What Apple Maps Gains from Locationary

With Locationary's crowdsourced business listings, Apple hopes to make local data on its maps more accurate and timely.
Apple iOS 7's Dramatic Design: Visual Tour
Apple iOS 7's Dramatic Design: Visual Tour
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Apple reportedly has acquired Locationary, a Toronto-based provider of local business data, as part of its ongoing effort to improve its Maps service.

Apple and Locationary did not immediately respond to requests for comment. Apple confirmed the deal to All Things Digital in a statement. No price was disclosed.

With the launch of iOS 6 last fall, Apple dropped Google as the provider of data for Apple's iOS Maps app, a relationship that dated back to the launch of the iPhone. Apple decided that Maps mean enough to its mobile platform that it has to control the maps back end.

The transition did not go well. Apple's Maps app faced so much criticism over inaccuracies that company executives were ousted and CEO Tim Cook issued a public apology in which he committed the company to "keep working non-stop until Maps lives up to [Apple's] incredibly high standard."

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Apple knew it had work to do even before Cook's contrition. The company was trying to fill numerous iOS Maps positions a week before Cook weighed in. The recruiting effort escalated in February with more Maps-related job postings.

Meanwhile, Apple continues to improve Maps the way it created the product -- through acquisitions. The company prepared to part ways with Google by acquiring Placebase (2009), Poly9 (2010) and C3 Technologies (2011). In March, Apple bought WiFiSlam in order to provide indoor location services. And now the company has absorbed Locationary.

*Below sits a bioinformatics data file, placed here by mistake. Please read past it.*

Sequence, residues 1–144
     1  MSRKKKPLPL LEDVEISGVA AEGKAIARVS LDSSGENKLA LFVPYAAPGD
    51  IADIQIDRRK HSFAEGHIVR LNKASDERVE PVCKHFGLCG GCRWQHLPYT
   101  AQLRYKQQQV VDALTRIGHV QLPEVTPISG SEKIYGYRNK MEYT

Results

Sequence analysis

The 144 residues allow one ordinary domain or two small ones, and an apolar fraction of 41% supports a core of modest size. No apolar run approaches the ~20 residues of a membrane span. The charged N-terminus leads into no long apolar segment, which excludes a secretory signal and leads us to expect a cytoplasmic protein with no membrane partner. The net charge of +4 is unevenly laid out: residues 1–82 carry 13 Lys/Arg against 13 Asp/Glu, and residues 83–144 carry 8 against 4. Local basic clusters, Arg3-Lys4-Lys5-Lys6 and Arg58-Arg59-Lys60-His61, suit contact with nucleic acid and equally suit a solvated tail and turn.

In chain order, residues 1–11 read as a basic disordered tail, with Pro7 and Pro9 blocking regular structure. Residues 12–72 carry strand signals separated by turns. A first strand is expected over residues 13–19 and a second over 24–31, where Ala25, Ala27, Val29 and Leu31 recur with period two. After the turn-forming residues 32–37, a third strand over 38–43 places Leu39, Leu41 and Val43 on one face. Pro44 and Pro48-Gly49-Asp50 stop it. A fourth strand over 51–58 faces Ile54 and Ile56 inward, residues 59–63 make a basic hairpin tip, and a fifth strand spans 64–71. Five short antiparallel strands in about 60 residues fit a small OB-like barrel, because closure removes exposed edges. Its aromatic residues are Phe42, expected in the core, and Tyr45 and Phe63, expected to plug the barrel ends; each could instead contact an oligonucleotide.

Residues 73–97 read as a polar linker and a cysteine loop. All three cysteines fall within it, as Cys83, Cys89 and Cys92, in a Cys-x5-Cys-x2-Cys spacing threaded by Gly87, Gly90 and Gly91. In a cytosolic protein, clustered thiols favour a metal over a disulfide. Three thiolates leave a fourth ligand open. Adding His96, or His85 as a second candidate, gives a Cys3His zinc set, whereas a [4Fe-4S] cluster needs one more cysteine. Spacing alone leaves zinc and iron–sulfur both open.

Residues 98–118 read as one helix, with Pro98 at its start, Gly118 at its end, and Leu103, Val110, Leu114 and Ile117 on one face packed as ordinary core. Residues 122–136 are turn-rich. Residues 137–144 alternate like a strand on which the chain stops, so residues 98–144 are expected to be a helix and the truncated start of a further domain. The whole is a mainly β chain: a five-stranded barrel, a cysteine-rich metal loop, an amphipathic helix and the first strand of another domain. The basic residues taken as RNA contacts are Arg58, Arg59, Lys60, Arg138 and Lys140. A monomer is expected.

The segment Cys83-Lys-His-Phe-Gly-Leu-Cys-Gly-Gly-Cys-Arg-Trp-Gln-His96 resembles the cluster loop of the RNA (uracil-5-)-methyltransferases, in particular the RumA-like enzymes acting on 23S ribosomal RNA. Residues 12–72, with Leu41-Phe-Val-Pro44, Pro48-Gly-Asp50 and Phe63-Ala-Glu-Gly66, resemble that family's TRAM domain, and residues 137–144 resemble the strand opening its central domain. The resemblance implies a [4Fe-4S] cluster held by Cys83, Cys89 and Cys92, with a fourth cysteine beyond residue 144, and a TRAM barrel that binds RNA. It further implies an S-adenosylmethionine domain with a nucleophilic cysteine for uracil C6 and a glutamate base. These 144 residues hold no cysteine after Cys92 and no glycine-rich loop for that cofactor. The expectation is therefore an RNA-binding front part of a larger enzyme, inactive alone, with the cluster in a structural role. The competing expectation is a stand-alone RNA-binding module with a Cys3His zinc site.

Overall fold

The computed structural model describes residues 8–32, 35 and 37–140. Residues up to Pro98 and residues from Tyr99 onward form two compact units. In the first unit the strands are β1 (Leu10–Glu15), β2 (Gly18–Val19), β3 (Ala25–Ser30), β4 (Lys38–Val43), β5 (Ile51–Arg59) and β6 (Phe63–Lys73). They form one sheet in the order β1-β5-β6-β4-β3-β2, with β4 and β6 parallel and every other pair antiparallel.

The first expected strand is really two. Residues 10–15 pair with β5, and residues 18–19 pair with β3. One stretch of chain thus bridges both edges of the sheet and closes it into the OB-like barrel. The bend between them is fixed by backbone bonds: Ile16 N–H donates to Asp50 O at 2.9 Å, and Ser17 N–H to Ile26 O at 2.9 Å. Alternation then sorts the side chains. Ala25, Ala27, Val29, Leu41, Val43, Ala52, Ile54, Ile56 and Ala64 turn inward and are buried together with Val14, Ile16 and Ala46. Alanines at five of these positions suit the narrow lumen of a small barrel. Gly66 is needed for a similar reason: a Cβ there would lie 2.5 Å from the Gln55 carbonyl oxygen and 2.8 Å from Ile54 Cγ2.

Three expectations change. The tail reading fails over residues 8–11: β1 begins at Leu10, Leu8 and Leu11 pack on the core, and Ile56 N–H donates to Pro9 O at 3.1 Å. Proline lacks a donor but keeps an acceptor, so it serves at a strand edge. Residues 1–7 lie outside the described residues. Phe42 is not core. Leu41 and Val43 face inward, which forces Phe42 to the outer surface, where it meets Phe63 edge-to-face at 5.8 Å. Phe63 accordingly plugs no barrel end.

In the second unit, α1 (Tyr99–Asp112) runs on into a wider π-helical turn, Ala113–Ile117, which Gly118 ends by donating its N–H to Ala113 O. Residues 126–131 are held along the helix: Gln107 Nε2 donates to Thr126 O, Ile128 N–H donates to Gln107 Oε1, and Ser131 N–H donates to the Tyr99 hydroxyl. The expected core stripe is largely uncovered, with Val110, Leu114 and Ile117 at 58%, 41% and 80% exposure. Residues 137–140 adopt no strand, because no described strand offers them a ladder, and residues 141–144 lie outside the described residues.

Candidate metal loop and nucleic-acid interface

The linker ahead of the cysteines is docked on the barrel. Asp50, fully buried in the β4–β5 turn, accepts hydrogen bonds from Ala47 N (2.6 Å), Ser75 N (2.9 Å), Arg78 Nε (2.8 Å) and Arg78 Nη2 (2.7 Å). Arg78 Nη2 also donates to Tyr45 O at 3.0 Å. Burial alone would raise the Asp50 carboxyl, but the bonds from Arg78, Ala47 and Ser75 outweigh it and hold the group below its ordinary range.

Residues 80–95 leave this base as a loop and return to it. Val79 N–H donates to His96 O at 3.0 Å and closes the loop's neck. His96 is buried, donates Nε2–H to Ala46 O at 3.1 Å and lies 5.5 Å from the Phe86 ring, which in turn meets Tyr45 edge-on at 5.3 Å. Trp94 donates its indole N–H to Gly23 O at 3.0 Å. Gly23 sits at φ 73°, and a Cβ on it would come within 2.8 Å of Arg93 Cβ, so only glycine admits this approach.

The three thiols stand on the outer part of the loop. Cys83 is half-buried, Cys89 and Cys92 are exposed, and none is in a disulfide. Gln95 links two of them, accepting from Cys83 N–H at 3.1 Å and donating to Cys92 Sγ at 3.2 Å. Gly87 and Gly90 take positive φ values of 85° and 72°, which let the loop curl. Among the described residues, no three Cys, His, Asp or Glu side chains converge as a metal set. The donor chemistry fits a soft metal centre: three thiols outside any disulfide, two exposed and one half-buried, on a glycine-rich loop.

Locationary offers a service called Saturn, a federated data management and exchange platform that helps assure the timeliness and accuracy of local business data through crowdsourcing.

Inaccurate data turns out to be one of the most vexing issues for map services. As Locationary founder and CEO Grant Ritchie explained in a post on TechCrunch last year, maps require data aggregated from many different sources and the formatting or quality of the data isn't standardized. As a result, formatting and correcting and presenting map data, particularly in real-time, represents a huge challenge.

Apple is addressing this challenge in part through capital expenditures, expected to reach $10 billion this year, to build facilities and infrastructure to support online services that meet its "high standard," in addition to bolstering its hardware manufacturing capabilities.

Though its Maps service remains a work-in-progress, Apple clearly sees it as a major platform asset, so much so that it has committed to integrating Maps into the forthcoming version of its desktop operating system, OS X Mavericks.